Clayton and St. Charles Family Law Attorneys Handling Motions to Modify
Life is all about change, and perhaps nowhere is this more evident than the field of family law. A parent may need to relocate; the economic circumstances of a party in a divorce or child support case may change; or one party in a divorce or child custody or support case may fail to follow the original judgment, necessitating a motion to modify the original judgment.
The attorneys at The Center for Family Law represent clients who wish to file a motion to modify. For more information, submit our online contact form or call us at our Clayton location, 314-721-8844, or in St. Charles, 636-443-2313.
Modification of Judgments
For a final decree to be modified, Missouri law requires proof of a change in circumstances sufficient to render the original decree no longer reasonable.
There are several types of motions to modify:
Motion to modify child support: Common reasons for seeking a modification of child support include a change in the economic circumstances of the parent who is paying child support or the parent who is receiving child support a change in the custody arrangement between the parents and increased school or extracurricular expenses for the child.
Motion to modify child custody or visitation: Modification of a child custody or visitation arrangement may be sought for many different reasons. The following are some of the most common reasons:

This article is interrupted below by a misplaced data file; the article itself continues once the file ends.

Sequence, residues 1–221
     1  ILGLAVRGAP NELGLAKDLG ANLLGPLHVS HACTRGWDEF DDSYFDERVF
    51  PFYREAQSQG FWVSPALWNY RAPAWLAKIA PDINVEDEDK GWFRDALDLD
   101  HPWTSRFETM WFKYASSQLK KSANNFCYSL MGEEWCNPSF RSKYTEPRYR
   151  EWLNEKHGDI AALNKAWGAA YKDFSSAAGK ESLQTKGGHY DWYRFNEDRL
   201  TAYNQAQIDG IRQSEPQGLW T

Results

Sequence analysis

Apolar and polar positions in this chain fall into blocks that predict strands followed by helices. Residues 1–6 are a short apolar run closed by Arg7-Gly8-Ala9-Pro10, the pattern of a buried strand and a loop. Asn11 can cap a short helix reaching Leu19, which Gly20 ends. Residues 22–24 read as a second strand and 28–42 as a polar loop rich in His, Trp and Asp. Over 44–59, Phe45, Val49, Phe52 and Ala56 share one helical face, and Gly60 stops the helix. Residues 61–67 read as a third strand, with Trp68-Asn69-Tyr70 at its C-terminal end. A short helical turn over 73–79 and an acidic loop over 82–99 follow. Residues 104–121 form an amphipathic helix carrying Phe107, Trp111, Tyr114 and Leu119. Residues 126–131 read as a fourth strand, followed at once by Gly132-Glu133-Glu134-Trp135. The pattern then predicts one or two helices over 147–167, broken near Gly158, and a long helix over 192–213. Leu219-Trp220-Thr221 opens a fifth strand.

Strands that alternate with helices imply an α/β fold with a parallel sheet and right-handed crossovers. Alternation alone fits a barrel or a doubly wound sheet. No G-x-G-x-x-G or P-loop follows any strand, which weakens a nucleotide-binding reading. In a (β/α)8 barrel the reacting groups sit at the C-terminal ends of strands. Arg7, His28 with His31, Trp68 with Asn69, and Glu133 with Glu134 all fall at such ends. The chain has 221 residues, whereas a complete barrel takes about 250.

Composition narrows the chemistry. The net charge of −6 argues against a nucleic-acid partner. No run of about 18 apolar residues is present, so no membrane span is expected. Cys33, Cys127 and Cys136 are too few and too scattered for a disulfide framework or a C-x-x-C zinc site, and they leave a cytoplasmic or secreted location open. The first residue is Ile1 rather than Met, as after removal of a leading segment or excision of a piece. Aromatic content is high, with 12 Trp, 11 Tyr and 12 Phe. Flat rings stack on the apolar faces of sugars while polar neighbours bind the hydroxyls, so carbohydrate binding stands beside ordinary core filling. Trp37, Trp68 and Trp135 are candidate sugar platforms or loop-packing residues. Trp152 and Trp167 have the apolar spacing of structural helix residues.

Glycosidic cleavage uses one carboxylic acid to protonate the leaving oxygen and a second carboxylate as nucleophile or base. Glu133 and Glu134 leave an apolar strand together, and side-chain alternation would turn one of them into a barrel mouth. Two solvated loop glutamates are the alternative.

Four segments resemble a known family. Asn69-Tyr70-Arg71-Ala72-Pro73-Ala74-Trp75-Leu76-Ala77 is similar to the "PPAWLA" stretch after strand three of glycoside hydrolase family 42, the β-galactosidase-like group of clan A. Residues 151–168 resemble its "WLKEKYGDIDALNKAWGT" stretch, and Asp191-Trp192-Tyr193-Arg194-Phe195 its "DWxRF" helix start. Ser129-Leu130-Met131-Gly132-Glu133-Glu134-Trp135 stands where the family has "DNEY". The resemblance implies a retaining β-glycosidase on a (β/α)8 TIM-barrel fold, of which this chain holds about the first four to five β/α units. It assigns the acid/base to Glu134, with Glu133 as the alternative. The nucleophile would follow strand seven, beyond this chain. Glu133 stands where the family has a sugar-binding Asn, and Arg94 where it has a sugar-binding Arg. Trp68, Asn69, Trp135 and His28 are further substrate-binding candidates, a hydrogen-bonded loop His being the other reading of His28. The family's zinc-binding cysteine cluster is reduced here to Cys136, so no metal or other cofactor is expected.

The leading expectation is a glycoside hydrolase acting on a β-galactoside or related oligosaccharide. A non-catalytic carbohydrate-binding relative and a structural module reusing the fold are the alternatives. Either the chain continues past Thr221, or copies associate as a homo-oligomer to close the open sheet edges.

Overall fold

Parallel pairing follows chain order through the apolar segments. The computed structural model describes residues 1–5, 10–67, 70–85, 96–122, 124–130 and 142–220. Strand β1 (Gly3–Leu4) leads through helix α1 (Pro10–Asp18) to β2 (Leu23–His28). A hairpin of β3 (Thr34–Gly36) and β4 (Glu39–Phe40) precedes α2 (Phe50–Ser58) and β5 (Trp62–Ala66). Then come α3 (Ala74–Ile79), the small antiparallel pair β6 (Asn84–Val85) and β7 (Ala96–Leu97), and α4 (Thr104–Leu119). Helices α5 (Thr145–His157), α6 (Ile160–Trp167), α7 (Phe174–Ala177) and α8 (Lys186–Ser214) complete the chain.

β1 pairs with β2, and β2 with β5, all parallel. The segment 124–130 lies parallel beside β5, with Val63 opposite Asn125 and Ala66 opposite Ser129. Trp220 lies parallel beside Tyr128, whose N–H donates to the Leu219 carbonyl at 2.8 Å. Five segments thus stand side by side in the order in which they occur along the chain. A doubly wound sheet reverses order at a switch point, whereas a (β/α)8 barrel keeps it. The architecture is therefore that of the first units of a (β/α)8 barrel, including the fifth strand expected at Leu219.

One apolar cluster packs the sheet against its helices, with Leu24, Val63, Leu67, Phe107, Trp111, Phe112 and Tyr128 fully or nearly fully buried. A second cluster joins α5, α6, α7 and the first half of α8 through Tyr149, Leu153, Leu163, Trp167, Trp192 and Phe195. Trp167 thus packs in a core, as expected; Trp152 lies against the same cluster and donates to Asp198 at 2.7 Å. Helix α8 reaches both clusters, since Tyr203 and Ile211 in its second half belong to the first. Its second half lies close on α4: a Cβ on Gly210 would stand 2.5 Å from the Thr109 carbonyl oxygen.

- As children grow, scheduling needs may change.
- There are concerns about the child’s welfare.
- A parent wishes to relocate outside the state.
Motion to modify spousal support: Modifications to spousal support, also known as maintenance or alimony, are often sought when there is a substantial change in the financial resources of either party, the earning capacities of the parties or remarriage or cohabitation.
If the parties agree to the modification, the action is referred to as an uncontested motion to modify. A stipulation is filed with the court authorizing the change. Depending on the nature of the modification, a hearing may not be needed.
When a motion to modify is contested, the party seeking the modification has the burden of proving that a continuing substantial change in circumstances has occurred. A contested motion to modify may be resolved through mediation, litigation or the collaborative process.
Contact The Center for Family Law
For more information on motions to modify child support, child custody, spousal support or visitation, contact the experienced St. Louis attorneys of The Center for Family Law by submitting our online contact form or calling us at our Clayton location, 314-721-8844, or in St. Charles, 636-443-2313.